The number of bonds issued by Asian market participants could triple within the next five years as borrowers seek less-traditional financing methods amid tighter capital regulations and deleveraging, lending institution Standard Chartered predicted recently.
The report, which was released on November 9, predicted that Basel III and the deleveraging being done by European lending institutions would cause the Asia ex-Japan corporate bond market to triple in size to more than $10 trillion by 2017 from its current value of $3.3 trillion, according to Reuters.
The report predicts that implementing Basel III will cause a lending shortfall of around $340 billion in the next five years, according to the media outlet.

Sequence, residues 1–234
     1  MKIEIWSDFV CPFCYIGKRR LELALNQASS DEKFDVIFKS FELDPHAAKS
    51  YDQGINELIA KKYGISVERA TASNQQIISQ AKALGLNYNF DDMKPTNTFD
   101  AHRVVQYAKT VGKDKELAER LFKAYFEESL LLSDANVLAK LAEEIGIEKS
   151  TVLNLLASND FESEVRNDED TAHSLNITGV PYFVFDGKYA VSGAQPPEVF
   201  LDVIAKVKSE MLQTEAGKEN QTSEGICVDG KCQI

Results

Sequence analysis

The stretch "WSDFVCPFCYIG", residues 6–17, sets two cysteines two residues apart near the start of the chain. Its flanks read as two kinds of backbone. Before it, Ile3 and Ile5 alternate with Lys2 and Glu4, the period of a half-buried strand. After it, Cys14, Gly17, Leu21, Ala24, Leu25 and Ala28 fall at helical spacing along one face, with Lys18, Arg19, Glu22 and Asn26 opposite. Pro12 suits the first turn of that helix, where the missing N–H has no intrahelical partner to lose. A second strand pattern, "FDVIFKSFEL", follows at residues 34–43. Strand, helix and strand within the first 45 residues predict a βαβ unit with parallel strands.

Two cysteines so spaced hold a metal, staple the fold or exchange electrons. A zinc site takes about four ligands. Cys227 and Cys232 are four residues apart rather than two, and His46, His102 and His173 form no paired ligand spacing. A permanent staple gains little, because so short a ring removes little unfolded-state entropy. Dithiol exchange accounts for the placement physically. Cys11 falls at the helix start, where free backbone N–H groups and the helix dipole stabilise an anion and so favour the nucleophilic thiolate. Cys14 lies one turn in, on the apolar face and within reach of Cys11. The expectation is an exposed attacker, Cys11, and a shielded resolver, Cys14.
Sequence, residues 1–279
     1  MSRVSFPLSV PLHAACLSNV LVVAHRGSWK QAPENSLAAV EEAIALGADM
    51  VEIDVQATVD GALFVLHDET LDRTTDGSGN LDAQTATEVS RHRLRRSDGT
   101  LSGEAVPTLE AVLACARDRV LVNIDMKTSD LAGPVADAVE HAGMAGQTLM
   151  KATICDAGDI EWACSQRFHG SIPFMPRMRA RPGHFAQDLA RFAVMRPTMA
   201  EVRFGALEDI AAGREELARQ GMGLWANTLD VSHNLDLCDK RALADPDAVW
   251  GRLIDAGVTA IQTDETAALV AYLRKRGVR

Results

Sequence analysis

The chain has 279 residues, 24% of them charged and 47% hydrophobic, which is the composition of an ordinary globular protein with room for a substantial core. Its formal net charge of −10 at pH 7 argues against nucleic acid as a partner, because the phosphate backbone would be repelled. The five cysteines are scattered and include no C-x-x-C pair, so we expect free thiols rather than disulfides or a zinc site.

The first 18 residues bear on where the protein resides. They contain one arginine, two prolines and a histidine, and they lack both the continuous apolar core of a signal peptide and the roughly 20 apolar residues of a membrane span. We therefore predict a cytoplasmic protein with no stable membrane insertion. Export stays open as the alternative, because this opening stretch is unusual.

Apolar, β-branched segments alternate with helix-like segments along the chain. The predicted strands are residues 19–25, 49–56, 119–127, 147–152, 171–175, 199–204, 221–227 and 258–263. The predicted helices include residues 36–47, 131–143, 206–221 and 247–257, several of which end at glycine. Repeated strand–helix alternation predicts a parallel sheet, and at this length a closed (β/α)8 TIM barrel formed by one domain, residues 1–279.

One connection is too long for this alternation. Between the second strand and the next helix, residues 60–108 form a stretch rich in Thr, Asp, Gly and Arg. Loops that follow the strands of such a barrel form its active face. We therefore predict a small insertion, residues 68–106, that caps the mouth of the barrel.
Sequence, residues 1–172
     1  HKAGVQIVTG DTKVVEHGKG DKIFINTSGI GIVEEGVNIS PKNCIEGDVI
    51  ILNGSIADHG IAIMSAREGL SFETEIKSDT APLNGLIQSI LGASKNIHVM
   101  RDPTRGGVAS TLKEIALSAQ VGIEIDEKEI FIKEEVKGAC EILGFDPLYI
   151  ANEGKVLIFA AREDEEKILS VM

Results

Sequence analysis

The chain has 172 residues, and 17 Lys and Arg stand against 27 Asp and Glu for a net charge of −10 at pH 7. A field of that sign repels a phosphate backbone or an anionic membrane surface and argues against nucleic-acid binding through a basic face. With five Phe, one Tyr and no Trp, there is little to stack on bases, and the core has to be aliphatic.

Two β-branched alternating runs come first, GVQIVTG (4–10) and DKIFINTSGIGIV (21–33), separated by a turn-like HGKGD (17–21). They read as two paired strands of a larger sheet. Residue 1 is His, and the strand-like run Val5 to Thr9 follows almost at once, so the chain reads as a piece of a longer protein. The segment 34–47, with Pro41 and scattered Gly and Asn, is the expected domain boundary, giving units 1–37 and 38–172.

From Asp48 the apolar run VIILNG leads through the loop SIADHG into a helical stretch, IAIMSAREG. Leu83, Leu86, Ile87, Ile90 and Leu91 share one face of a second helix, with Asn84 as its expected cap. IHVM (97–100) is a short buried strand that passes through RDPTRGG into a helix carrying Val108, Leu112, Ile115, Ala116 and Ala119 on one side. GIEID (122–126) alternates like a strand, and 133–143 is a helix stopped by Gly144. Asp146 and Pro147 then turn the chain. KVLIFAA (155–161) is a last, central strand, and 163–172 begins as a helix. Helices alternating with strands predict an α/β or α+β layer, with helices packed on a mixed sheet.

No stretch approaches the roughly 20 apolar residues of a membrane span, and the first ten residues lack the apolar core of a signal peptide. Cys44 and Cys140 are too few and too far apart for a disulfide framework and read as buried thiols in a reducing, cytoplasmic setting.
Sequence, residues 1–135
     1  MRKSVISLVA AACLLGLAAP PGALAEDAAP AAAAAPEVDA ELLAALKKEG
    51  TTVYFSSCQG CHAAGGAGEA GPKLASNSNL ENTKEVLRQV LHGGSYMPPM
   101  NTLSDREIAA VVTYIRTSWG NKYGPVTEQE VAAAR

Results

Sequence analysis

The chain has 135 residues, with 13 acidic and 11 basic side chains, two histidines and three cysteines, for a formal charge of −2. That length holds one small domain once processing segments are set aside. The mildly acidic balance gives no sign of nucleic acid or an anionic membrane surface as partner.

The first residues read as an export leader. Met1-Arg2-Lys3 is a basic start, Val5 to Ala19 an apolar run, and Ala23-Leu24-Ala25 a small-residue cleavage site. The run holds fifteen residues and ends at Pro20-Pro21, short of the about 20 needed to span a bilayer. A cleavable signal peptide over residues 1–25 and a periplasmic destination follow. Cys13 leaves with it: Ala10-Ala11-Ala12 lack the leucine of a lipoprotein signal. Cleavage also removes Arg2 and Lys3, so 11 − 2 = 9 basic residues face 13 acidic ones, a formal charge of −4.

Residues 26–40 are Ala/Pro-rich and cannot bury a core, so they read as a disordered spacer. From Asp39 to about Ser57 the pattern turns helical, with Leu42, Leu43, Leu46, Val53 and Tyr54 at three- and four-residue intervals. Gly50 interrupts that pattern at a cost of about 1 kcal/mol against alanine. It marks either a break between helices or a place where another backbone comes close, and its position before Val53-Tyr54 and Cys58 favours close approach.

The document also stated that "we assume that this financing shortfall will be covered by increased issuance of corporate bonds. This increased issuance is expected to raise the share of bond markets to circa 40 [percent] of corporates' total funding mix by 2017, from around 25 [percent] currently," the news source reports.
Many lending institutions have predicted that adopting Basel III will curtail their lending, and various representatives of U.S. lending institutions said this in testimony given before a House Committee.
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